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Prevalence of chronic diseases and morbidity in primary health care in central Greece: An epidemiological study

  • Markos Minas1Email author,
  • Nikolaos Koukosias1,
  • Elias Zintzaras2,
  • Konstantinos Kostikas1 and
  • Konstantinos I Gourgoulianis1
BMC Health Services Research201010:252

DOI: 10.1186/1472-6963-10-252

Received: 24 April 2010

Accepted: 28 August 2010

Published: 28 August 2010

Abstract

Background

In Greece there is lack of large epidemiological studies regarding morbidity and mortality in primary health care. The aim of the present study was to estimate the prevalence and morbidity of the most common diseases in a large population sample from primary health care.

Methods

Four primary health centres were randomly selected. During one year period, 12 visits were performed in each centre, one per month, in random order and all visitors willing to participate in the study were included. Data on morbidity of each subject were recorded after performing an interview with the participant and checking his medical records, medical history and current medication. Diseases were coded using the international classification of primary care (ICPC) system.

Results

In total 20,299 subjects were recorded. The results revealed significant variations in morbidity between genders and age groups. However, in all age groups, diseases of the circulatory system were most prevalent, followed by endocrine, metabolic, musculoskeletal and respiratory diseases. Osteoporosis was significantly more prevalent in females compared to males, whereas skin and eye disorders were more prevalent in subjects below 65 years old. COPD prevalence was very low compared to worldwide data.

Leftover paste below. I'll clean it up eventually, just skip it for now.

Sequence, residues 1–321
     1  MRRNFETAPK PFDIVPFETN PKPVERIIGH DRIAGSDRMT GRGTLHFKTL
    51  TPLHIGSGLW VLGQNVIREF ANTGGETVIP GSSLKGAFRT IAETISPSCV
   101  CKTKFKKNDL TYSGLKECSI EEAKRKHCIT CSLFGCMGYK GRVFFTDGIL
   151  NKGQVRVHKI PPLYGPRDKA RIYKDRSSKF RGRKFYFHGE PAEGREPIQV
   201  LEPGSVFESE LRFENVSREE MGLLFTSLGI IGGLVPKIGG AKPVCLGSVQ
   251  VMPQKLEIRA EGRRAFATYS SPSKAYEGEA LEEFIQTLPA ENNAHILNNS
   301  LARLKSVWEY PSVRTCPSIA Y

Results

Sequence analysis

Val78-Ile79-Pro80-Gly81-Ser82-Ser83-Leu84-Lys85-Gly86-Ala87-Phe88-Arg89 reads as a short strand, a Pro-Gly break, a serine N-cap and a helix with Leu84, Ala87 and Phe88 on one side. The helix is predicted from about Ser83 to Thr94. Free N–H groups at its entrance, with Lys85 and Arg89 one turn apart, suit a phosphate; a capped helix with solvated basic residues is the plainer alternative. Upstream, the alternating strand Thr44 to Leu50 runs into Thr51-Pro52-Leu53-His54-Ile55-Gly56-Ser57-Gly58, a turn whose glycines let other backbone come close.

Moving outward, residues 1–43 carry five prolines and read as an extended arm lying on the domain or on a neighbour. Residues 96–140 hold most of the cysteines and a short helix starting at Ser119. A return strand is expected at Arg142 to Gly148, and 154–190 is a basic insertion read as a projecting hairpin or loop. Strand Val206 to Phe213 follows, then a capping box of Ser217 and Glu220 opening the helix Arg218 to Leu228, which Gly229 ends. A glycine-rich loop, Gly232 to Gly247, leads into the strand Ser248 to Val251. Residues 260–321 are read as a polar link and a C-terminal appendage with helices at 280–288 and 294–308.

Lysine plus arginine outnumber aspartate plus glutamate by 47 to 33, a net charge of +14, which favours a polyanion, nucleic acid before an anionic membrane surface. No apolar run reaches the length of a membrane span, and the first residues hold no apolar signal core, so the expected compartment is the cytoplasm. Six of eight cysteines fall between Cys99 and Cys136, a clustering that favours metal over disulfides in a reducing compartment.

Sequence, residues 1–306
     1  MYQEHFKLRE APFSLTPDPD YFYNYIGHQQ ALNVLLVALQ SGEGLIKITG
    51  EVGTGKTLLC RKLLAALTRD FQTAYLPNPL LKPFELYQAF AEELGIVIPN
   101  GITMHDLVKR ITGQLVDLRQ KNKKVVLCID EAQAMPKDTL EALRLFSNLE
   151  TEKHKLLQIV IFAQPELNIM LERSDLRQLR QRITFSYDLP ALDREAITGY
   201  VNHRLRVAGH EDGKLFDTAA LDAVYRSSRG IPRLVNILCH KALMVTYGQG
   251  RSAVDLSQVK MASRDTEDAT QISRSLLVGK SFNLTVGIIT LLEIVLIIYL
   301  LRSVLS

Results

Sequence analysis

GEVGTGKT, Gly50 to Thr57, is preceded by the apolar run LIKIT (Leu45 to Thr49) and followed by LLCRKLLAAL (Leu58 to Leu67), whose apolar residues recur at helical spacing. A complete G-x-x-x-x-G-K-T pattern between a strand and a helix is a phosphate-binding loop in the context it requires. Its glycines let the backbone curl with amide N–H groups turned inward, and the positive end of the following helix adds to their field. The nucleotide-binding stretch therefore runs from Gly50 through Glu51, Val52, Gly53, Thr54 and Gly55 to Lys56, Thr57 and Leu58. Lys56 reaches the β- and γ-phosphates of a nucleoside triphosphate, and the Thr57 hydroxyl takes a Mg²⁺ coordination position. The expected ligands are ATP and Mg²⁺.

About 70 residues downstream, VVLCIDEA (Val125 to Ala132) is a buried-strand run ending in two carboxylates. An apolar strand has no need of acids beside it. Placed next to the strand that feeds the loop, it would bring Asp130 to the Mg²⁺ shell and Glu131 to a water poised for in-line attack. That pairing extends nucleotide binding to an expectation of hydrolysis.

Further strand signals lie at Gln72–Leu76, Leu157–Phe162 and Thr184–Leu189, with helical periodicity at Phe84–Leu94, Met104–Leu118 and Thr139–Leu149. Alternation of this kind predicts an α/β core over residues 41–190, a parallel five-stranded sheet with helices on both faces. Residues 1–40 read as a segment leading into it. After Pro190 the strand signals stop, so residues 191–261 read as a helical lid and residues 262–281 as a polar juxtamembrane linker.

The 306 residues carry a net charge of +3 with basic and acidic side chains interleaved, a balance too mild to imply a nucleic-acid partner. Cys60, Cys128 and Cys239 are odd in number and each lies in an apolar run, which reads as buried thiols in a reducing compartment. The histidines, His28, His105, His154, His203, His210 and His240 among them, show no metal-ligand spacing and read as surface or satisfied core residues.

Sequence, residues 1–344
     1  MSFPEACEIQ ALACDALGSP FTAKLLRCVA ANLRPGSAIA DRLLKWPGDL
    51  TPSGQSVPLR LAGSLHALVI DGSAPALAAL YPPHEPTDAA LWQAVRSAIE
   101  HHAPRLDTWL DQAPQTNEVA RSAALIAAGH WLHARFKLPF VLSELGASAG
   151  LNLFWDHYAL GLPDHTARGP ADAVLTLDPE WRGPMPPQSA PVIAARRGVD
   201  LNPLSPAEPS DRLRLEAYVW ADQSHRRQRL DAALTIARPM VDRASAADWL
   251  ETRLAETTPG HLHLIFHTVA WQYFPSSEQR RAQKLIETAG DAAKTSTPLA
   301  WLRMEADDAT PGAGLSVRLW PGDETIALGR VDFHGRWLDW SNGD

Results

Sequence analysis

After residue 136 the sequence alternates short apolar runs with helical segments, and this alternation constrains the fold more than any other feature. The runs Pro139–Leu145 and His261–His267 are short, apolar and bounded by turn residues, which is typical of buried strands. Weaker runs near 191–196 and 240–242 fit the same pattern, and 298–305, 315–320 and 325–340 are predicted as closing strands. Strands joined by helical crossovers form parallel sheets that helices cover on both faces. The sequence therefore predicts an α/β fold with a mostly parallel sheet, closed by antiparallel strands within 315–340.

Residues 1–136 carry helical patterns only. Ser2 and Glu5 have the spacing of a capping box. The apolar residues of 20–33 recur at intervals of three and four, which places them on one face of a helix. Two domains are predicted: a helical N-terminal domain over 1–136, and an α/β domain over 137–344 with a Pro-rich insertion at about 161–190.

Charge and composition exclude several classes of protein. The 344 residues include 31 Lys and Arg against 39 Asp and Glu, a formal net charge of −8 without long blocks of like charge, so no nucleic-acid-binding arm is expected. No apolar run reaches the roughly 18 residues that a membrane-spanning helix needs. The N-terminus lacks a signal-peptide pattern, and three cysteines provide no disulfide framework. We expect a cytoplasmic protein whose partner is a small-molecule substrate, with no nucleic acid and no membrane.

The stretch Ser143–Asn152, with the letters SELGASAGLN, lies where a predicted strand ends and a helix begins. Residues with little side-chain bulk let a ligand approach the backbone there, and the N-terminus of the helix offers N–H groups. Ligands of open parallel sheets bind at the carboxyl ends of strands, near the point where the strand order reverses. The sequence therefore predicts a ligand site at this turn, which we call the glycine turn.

Conclusions

The present study revealed great variations in the prevalence of the diseases between genders and age groups. Our data justify the urgent need for the development of electronic health records that may help in the design of new prevention strategies in primary health care.

Background

Epidemiological data can be useful in the design of new prevention strategies, especially in primary health care [1]. There are worldwide data available regarding the prevalence, morbidity and mortality of chronic diseases. Data from the World Health Organization (WHO) indicate that the most important causes of death are currently ischemic heart disease and cerebrovascular disease [2].

The development of electronic health records, especially in primary care, may help in the identification of the burden of several diseases in each region. The use of such records may be of great importance for health systems, considering that the North Shore Hospital System in Long Island, New York, announced recently that it will pay an incentive of up to $40,000 to each physician in its network who adopts its electronic health record, paying 50% of the cost to physicians who install an electronic health record that communicates with the hospital and 85% of the cost if the physician also shares de-identified data on the quality of care [3].